The problem with 10,000, while it’s fun in a pleasant sort of way, is that it doesn’t sow as much discord and domestic disharmony as I like to see. Every player is against only himself and the cruelty of the dice. Whereas in a proper game players are at each others’ throats.

Best news is that no politics of any kind is ever discussed during play of the games below. No rule forbids this, but the flow of play precludes it. Thus, while the game appears to increase bad feelings, it actually decreases them globally. Progressives and conservatives, atheists and believers, and the froward and shy may play together and George Zimmerman’s name never is mentioned.

333 or Animosity

Normal: Play starts and continues right or left. See Scoring Table below. Player rolls and can keep his score or assign it to the player on his left (if playing left, or vice versa). He must then roll again and must keep score on second roll. Player to his left, if assigned the thrower’s first roll, loses his next chance to roll. A straight or triple immediately reverses play.

Example: Player rolls (1,2,3) and play had been going left. It switches to right. Player may keep the 12 points for himself or assign it to the player to his right. After scoring, play moves to right and proceeds as usual.

Endgame: Once any player meets or exceeds 333 points, play continues once more around in current direction, but scores can no longer be assigned. Each player begins an accumulation, adding scores on successive rolls. The accumulation may continue as long as successive rolls are larger than or equal to previous rolls.

Example: The current potential victor has 342 and play is to left. Next player is at 280 and rolls a (1,1,2). This isn’t enough to put him over 342, so he rolls again. Next two rolls are (4,4,5), which is higher than (1,1,2), then (2,3,5), which isn’t, so this player loses and the next player moves to the endgame.


Normal: Play is much like in Animosity, except that the endgame accumulation rule is in effect the entire game and the play never reverses direction. Player rolls and at any time in his accumulation may stop and keep his score or assign it to the player on his left. He must then roll again and must keep score on second accumulation. As above, the successive roles must equal or exceed the previous roles in the accumulation. Player to his left, if assigned the thrower’s first score, loses his next chance to roll.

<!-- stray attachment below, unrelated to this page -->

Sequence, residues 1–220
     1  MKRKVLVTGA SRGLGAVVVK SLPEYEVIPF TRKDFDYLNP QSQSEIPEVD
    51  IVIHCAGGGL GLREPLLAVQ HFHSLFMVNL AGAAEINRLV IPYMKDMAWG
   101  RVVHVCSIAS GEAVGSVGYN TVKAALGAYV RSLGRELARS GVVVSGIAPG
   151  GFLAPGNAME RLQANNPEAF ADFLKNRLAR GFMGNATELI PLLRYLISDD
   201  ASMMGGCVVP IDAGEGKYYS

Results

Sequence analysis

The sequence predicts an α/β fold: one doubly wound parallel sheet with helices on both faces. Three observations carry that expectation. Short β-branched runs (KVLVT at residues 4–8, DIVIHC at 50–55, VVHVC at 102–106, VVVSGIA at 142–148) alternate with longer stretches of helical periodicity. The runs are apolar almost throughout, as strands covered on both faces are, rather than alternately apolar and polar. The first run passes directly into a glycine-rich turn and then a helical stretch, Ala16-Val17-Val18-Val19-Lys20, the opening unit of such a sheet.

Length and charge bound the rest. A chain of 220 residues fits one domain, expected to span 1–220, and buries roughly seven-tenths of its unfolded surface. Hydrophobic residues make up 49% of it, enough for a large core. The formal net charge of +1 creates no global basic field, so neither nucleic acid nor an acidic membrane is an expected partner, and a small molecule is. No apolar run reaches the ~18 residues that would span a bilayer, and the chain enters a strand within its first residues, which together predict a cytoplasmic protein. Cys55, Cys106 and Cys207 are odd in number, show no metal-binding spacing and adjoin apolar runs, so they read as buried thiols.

Endgame: Exactly as above.

Notes: Both games have been played and tested. Both have produced much fun. Gamblers like Disdain; analytical folks prefer Animosity.

Scoring Table

The three dice are summed. If the throw is a “straight”, the sum is multiplied by two. If the throw is triples, the sum is multiplied by three.

Roll Score Prob
1,1,2 4 0.0139
1,1,3 | 1,2,2 5 0.0278
1,1,4 6 0.0139
1,1,5 | 1,2,4 | 1,3,3 | 2,2,3 7 0.0694
1,1,6 | 1,2,5 | 1,3,4 | 2,2,4 | 2,3,3 8 0.0972
(1,1,1) | 1,2,6 | 1,3,5 | 1,4,4 | 2,2,5 9 0.0880
1,3,6 | 1,4,5 | 2,2,6 | 2,3,5 | 2,4,4 | 3,3,4 10 0.1250
1,4,6 | 1,5,5 | 2,3,6 | 2,4,5 | 3,3,5 | 3,4,4 11 0.1250
(1,2,3) | 1,5,6 | 2,4,6 | 2,5,5 | 3,3,6 | 3,4,5 12 0.1389
1,6,6 | 2,5,6 | 3,4,6 | 4,4,5 13 0.0833
2,6,6 | 3,5,6 | 4,4,6 | 4,5,5 14 0.0694
3,6,6 15 0.0139
4,6,6 | 5,5,6 16 0.0278

(2,2,2) | (2,3,4) 18 0.0324
(3,4,5) 24 0.0278
(3,3,3) 27 0.0046
(4,5,6) 30 0.0278
(4,4,4) 36 0.0046
(5,5,5) 45 0.0046
(6,6,6) 54 0.0046

Notes: All possibilities are show, sorted; the order of the dice do not matter. A (1,2,3) is the same as a (2,1,3) or (2,3,1), etc. Parentheses around the roll indicate a straight (sum times two) or triple (sum times three) and thus also a switch. Chance of a reversal (straight or triple) is 5/36, or about 1/7.

Bonus third game! 222 or Unnamed as yet

Normal: Play starts and continues right or left. Player rolls and can keep his score or subtract it from player to his left (if playing left, or vice versa). A straight or triple immediately reverses play. No player can have less than 0 points.